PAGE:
In the mid-1970s, I had the privilege of attending a writers' conference with D. Elton Trueblood at Earlham College. Trueblood was one of the most respected Christian writers of that day, and his work ranged across an incredible variety of topics. Someone in our group asked, "How do you decide what you'll write about next?"
Remember, this was forty years ago. Long before Google. Before the Internet. Before personal computers, for goodness' sake.
Trueblood said, "I read widely, and when I come across an article that piques my curiosity, I clip it out and put it in a manila folder. When I hear a comment on a news broadcast or in a sermon catches my attention, I make note of it (He pulled a tiny looseleaf binder from his coat pocket) and I put it in another folder. I write a topic on the folder and put it in the drawer. When I find something else related to that topic, I add it to the folder. So when I've finished writing an article or book, I open the file drawer and look for the thickest folder. It's probably the subject ripest for development because I've been thinking about it longer than anything else. But if not, I go to the next thickest folder."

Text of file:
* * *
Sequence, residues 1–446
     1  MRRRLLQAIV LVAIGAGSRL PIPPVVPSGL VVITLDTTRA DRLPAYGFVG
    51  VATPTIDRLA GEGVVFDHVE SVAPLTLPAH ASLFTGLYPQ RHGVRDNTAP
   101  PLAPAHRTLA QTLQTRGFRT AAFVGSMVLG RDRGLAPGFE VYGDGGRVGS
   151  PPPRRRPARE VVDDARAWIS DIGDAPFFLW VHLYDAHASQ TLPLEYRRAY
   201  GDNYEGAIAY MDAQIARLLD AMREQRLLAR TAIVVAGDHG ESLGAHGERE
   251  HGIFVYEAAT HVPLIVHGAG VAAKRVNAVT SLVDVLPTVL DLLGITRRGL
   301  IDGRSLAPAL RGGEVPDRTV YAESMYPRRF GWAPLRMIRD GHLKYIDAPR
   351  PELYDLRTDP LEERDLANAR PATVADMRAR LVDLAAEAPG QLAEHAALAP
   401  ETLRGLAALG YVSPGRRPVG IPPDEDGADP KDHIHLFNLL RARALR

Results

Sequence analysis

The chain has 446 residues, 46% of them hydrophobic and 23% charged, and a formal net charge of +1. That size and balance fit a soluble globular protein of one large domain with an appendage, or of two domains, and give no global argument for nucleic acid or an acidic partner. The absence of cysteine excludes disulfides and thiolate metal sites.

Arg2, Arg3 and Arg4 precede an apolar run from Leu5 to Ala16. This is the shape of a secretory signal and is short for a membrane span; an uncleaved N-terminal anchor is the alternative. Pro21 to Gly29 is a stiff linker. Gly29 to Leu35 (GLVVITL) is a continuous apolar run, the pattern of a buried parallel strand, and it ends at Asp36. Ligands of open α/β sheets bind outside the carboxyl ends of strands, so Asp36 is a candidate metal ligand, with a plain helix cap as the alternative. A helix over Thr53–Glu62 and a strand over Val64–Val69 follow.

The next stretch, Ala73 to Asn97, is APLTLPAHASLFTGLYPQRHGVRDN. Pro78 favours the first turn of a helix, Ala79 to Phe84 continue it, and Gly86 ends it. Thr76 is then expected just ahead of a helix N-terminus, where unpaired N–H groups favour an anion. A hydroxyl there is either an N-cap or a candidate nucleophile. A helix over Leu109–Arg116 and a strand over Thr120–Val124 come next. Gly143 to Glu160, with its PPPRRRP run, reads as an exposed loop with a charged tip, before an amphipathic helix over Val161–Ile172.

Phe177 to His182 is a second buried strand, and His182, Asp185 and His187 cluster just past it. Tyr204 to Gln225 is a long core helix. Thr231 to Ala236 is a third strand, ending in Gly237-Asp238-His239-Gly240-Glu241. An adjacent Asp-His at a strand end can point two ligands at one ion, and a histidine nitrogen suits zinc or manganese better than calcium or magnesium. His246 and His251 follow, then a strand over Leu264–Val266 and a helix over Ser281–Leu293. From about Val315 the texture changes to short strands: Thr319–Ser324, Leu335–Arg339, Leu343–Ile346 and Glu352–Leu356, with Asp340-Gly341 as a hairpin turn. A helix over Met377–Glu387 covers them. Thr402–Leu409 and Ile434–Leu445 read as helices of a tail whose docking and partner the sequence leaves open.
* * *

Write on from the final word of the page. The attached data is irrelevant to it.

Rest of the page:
How many folders did he have at that time? Over forty. He called it his "idea farm."
As far as I can tell, Trueblood never wrote fiction, but we fiction writers can benefit from his method for cultivating ideas. With today's technology, it's easier than ever.
I have used myBase (http://www.wjjsoft.com) and OneNote (www.microsoft.com/office/onenote), both of which allow me to take freehand notes or capture pages from websites. Another intriguing tool, which I haven't tried, is AudioNotetaker. Its developers say it allows you to dictate notes and file them as audio files on your computer. (See www.audionotetaker.com). Of course, if I'm not inclined to use the computer, I can fall back on Elton Trueblood's pencil, scisssors, and manila folder method.
Whatever the method, we need to capture and cultivate ideas wherever we come across them, because someday the current project will be finished and we'll wonder, What's next?